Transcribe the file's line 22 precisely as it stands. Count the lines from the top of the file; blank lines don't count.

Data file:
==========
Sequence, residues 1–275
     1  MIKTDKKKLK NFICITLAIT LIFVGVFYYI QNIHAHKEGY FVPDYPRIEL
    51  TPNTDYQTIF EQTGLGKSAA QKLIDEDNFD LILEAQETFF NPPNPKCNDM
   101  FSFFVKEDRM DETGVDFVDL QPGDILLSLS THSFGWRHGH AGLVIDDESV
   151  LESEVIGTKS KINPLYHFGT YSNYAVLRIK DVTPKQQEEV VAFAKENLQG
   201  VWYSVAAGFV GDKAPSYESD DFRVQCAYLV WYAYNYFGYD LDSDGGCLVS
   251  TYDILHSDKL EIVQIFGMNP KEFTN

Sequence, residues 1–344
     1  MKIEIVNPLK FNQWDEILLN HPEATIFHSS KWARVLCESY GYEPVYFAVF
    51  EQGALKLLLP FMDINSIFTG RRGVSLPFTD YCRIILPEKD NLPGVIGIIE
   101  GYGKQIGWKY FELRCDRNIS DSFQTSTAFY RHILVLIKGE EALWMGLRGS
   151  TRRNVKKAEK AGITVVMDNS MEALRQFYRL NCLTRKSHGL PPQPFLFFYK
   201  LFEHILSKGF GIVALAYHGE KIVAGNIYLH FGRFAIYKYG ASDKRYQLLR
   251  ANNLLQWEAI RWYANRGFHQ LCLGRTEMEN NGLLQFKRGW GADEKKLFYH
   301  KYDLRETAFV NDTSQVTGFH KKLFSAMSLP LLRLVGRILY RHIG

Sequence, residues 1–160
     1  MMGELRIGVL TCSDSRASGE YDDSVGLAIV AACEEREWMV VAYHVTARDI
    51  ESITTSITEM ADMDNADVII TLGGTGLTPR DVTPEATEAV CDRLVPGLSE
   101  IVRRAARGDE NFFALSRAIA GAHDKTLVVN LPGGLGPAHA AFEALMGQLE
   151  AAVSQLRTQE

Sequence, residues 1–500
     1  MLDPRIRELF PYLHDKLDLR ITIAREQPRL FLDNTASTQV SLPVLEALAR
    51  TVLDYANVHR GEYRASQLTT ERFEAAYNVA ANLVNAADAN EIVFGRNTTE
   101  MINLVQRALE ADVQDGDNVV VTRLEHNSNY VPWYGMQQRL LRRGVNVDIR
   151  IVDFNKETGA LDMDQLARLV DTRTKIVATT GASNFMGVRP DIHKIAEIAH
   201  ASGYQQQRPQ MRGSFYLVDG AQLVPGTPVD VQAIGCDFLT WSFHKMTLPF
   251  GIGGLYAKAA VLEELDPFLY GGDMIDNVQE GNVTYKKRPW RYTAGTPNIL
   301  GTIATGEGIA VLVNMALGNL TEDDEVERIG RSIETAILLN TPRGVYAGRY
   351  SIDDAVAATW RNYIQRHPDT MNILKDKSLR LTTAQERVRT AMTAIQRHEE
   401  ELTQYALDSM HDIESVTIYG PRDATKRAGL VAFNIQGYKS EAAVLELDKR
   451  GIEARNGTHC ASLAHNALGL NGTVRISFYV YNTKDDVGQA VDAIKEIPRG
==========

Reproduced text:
     1  MLDPRIRELF PYLHDKLDLR ITIAREQPRL FLDNTASTQV SLPVLEALAR